Renouncing all our possessions? Hating our mother and father? What does Jesus want from us who are called His disciples? Marcus and Jim look into Christ’s demands in Luke 14.
“Render unto Caesar…” In Romans 12:1-2, St. Paul calls Christians to continue their conversion by transforming their minds—and not conforming to the world, or the culture around them. In chapter
“Mr. Grodi, I have heard you quip many times that when Scripture says (1 Tim 3:15) that the pillar and bulwark of the truth is the Church, Jesus could not have meant the thousands of denominations divided by contrary interpretations of Scripture we now have in our world, for how could an invisible church of faithful believers be the pillar and bulwark of anything?….”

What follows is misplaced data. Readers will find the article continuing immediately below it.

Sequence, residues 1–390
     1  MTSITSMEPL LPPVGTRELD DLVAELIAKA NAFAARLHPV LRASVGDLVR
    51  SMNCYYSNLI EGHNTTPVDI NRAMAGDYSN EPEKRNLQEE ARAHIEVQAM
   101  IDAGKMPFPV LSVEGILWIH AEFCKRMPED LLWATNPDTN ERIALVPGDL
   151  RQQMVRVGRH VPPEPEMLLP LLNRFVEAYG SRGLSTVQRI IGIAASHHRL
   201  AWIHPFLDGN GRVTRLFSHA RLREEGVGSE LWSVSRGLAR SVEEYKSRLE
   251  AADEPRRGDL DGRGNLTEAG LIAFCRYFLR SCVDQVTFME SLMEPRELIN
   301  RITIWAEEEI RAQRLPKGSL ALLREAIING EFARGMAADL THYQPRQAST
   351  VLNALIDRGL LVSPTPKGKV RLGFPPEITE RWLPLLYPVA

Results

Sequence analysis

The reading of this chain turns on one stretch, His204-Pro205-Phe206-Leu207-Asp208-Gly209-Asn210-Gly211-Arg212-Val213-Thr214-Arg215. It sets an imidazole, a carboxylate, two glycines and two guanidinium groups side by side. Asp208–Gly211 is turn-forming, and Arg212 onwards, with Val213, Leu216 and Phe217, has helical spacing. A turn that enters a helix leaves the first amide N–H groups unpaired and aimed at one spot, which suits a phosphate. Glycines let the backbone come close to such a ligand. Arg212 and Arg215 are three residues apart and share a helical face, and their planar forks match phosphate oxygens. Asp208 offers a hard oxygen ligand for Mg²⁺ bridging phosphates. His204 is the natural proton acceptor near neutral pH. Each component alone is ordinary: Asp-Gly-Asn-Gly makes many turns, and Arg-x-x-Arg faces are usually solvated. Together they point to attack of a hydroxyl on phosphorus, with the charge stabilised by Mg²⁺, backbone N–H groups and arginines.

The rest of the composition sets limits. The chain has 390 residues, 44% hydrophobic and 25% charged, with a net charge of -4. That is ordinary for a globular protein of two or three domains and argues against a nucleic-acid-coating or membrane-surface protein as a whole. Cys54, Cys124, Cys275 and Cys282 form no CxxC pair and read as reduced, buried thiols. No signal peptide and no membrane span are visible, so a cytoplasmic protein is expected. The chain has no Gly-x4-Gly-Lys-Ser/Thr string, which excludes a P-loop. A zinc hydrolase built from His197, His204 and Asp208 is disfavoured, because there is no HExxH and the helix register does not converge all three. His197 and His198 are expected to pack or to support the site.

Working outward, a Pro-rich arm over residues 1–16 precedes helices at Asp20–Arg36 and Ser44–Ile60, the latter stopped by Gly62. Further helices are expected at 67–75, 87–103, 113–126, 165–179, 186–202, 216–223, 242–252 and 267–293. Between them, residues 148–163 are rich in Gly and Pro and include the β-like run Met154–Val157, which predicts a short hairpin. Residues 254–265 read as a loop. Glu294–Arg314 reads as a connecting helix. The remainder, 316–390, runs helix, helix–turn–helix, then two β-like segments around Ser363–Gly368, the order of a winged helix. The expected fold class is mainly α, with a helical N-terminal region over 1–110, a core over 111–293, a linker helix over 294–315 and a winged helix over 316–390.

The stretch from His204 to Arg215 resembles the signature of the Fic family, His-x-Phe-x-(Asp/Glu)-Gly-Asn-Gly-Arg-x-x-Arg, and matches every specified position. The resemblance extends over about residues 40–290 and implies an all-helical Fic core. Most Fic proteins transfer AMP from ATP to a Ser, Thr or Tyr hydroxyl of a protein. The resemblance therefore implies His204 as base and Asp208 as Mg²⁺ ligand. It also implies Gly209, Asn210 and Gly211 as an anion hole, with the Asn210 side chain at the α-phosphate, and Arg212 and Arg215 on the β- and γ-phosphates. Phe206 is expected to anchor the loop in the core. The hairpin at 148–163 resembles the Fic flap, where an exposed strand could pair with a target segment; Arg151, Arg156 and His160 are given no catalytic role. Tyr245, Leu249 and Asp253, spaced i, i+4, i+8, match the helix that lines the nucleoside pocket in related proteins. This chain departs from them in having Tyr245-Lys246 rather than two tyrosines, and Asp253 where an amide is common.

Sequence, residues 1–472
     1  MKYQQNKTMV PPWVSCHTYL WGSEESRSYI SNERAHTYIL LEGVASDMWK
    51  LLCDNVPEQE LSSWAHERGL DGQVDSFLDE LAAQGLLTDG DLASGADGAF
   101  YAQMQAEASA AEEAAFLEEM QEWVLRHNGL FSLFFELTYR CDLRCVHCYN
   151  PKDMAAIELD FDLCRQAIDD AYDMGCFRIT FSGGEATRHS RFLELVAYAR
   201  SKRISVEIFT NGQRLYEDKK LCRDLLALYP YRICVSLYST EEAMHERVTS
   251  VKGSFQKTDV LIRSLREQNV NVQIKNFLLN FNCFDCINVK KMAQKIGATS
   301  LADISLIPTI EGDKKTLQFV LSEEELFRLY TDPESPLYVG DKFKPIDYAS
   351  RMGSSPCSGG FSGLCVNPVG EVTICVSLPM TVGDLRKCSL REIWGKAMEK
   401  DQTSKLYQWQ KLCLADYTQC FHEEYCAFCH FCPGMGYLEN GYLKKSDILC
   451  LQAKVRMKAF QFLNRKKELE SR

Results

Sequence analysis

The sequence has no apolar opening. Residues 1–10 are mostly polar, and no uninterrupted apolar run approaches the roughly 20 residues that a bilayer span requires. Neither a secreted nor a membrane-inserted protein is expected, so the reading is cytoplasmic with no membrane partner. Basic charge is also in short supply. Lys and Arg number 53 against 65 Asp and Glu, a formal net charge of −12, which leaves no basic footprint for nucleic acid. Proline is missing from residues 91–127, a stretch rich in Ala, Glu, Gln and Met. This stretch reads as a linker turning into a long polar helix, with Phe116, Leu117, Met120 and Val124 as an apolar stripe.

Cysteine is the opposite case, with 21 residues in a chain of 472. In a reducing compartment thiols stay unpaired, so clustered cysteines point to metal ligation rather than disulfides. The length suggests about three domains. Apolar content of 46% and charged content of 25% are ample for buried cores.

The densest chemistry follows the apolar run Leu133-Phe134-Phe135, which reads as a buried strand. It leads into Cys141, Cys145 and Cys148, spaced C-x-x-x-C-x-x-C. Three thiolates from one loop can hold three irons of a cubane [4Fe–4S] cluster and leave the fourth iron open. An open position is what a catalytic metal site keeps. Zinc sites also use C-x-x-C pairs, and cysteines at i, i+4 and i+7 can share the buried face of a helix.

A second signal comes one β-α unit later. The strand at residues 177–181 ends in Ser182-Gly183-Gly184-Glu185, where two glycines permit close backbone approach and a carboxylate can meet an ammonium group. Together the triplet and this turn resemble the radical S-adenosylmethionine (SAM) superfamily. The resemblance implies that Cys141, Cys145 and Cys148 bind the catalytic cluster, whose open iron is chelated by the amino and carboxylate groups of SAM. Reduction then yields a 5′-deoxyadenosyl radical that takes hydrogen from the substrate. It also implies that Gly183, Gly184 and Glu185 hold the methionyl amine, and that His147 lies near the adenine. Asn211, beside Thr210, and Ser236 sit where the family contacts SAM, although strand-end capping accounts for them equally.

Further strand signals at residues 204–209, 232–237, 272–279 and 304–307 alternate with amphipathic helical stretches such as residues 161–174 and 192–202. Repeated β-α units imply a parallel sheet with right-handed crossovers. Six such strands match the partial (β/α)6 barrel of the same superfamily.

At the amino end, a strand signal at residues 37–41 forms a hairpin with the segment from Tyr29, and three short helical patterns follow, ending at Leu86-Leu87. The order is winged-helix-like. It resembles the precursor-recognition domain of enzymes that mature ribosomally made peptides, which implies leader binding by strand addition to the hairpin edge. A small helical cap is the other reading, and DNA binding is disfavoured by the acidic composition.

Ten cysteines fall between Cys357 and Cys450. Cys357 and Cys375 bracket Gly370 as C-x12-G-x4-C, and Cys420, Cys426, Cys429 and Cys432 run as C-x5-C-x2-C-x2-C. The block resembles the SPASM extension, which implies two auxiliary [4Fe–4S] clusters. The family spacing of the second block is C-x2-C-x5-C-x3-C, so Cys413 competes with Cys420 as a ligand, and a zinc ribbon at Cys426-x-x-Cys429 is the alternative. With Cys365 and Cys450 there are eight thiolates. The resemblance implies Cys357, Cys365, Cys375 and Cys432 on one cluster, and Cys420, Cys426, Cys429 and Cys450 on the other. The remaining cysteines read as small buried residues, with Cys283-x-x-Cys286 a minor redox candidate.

Behind these verses, is St. Paul assumption of the Mystical Body of Christ: through Baptism, believers become united with Christ and one another in the Church.
Christians still struggle with sin. How does a Christian deal with personal failings? How does a Christian view death? How does a Christian progress in the spiritual life? Do we realize
St. Chromatius of Aquileia (ad 340–408), preached something about these Beatitudes that I had never heard, but which was understood by many of the early Doctors of the Church. In a sermon on Matthew, Chromatius wrote:
Our Lord, our savior, establishes extremely solid steps of precious stones, by which saintly souls and faithful can climb, can rise to this supreme good, which is the kingdom of heaven…. Brethren, before your eyes are the eight rungs of the gospel, constructed, as I have said, with precious stones. Behold Jacob’s ladder which starts on earth and whose top touches heaven. He who climbs it finds the gate of heaven, and having entered it, will have endless joy in the presence of the Lord, eternally praising Him with the holy angels.